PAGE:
Signs of Smoking Heroin
Heroin is a highly addictive, semi-synthetic drug extracted from the opium poppy. Heroin quality and consistency varies, from the white powder commonly found on the East Coast of the United States to the thick, black tar heroin increasingly popular on the West Coast, as noted on the Saanich Police website in 2007. While powdered heroin is commonly snorted or injected, black tar heroin is often smoked, a method of ingestion users call "chasing the dragon."
A common method of smoking heroin is to use a sheet of aluminum foil and a straw. The user holds the straw in his mouth and ignites a lighter underneath the foil. As the heroin melts, it produces a white smoke and runs down the sheet of foil. The user inhales the smoke through the straw, "chasing" the heroin with the lighter as it liquefies and runs down the foil. Sheets of foil with burn marks on the bottom and black lines on the top are giveaways that a person is smoking heroin. Sometimes, the stem of a ball-point pen is used instead of a straw. Finding disassembled pens among the person's belongings may also be a sign that he is smoking heroin.
- A common method of smoking heroin is to use a sheet of aluminum foil and a straw.
- The user holds the straw in his mouth and ignites a lighter underneath the foil.
Coughing and Hoarseness
How Do I Tell If Someone Is Smoking Crack?
Heroin smokers often exhibit a hacking cough that can lead to asthma. It is not uncommon for young people who have smoked heroin, particularly black tar heroin, to end up requiring nebulizers--machines that clear the lungs with medication and hot steam to help them breathe. Because powdered heroin is often rolled into cigarettes, the excess tar and nicotine intake can exacerbate this cough. A hoarse, raspy voice is a common side effect of smoking both cigarettes and heroin. A person who is smoking heroin may cough up blood, suddenly increase usage of cough medications and throat sprays, or have difficulty speaking in her normal voice.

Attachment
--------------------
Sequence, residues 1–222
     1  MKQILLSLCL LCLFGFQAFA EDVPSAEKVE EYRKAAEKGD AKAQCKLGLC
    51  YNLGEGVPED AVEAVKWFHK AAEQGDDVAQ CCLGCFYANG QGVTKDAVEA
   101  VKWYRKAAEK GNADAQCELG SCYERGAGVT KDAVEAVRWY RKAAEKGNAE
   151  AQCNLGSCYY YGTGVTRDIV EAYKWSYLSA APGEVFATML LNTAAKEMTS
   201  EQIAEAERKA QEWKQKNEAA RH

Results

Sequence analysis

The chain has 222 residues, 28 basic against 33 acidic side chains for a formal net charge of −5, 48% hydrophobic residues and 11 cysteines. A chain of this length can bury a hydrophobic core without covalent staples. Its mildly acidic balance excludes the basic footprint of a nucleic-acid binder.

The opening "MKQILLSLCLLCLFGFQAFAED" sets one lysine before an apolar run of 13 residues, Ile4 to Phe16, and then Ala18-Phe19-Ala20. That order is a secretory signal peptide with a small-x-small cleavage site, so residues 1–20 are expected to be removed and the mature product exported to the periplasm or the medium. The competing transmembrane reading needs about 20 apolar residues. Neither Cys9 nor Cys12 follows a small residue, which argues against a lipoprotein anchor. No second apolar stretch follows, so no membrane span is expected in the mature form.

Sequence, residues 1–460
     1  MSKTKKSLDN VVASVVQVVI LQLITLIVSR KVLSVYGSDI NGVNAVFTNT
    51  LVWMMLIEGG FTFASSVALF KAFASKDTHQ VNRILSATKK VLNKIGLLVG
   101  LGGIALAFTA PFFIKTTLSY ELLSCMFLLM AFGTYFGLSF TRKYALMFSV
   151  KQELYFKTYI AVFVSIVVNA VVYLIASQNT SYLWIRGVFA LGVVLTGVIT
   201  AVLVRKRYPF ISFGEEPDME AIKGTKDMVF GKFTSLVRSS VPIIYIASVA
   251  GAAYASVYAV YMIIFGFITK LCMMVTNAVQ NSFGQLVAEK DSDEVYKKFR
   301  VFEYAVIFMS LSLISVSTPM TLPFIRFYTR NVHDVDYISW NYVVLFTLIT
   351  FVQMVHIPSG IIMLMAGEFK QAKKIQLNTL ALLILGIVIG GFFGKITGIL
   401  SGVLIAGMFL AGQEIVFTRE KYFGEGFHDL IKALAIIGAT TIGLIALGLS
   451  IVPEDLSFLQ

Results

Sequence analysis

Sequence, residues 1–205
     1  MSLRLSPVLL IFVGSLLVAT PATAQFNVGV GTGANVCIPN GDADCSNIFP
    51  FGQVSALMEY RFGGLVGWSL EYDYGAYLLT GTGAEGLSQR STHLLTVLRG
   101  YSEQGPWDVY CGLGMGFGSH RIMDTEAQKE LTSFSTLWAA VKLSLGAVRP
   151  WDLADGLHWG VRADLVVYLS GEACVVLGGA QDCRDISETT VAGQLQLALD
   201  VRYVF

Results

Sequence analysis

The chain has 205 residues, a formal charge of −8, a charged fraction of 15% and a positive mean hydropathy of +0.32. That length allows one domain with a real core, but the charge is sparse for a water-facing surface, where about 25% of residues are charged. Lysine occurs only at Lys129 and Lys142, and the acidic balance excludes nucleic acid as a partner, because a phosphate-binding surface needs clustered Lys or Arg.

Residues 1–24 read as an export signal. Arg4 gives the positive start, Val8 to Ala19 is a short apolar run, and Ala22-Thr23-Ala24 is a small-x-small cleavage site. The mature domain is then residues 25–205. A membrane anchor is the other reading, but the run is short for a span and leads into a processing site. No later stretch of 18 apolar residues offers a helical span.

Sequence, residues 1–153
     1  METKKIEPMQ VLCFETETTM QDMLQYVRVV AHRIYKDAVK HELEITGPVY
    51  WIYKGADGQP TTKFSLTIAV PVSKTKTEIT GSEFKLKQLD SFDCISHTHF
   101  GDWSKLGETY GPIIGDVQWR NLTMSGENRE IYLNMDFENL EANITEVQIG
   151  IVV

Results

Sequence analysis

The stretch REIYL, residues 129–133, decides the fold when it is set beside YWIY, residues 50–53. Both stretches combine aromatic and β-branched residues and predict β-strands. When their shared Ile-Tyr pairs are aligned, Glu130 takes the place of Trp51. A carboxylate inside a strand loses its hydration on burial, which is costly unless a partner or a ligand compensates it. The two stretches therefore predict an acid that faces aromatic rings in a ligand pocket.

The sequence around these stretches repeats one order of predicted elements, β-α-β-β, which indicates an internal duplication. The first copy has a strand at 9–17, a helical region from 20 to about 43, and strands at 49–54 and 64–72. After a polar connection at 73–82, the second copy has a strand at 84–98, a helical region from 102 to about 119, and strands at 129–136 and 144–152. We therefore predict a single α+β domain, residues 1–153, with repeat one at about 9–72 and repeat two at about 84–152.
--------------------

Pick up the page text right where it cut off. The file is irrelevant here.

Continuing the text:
- Heroin smokers often exhibit a hacking cough that can lead to asthma.
- Because powdered heroin is often rolled into cigarettes, the excess tar and nicotine intake can exacerbate this cough.
Smoking heroin produces an immediate rush that leads to extreme lethargy. The user's arms and legs feel heavy, and his eyes may appear to roll back in his head. This effect is called "nodding," because the user will frequently allow his head to fall and then catch it with a jerk. A person who is nodding alternates between states of sleepiness and wakefulness. He may literally fall asleep in his food. Nodding lasts for several hours after smoking heroin and is sometimes accompanied by nausea and vomiting, particularly if the person has not been using heroin for long. Because heroin depresses the central nervous system, a person who is nodding may exhibit very shallow breathing.
- Smoking heroin produces an immediate rush that leads to extreme lethargy.
- The user's arms and legs feel heavy, and his eyes may appear to roll back in his head.
How Do I Tell If Someone Is Smoking Crack?
How Much Nicotine Is in a Cigar?
Negative Effects of Black & Mild Cigars
What Toxic Chemicals Are in Rubbing Alcohol?
Smoking & Wheezing
The Risks of Smoking Black & Mild Cigars
Teas to Help You Stop Smoking
How to Tell If a Person Is Using Cocaine
Early Signs of Cocaine Use
Does Cocoa Butter Contain Caffeine?
- Saanich Police: Heroin -- Chasing the Dragon
- Heroin Addiction Help: How to Stop
- Erowid Heroin Vault: FAQ
- Jones CM, Logan J, Gladden RM, Bohm MK. Demographic and Substance Use Trends Among Heroin Users — United States, 2002–2013. MMWR 2015; 64(26):719-725.
- Muhuri, PK, Gfoerer, JC, & Davies, MC. Associations of Nonmedical Pain Reliever Use and Initiation of Heroin Use in the United States. CBHSQ Data Review. Substance Abuse and Mental Health Services Administration (SAMHSA); 2013.
- National Institute on Drug Abuse. "Heroin." Drugs of Abuse. May 2016
- National Institute on Drug Abuse. "Heroin." DrugFacts. April 2014
- U.S. National Library of Medicine. "Heroin." Health Topics. 2016
Ann Jones has been writing since 1998. Her short stories have been published in several anthologies. Her journalistic work can be found in major magazines and newspapers. She has a Master of Fine Arts in creative writing.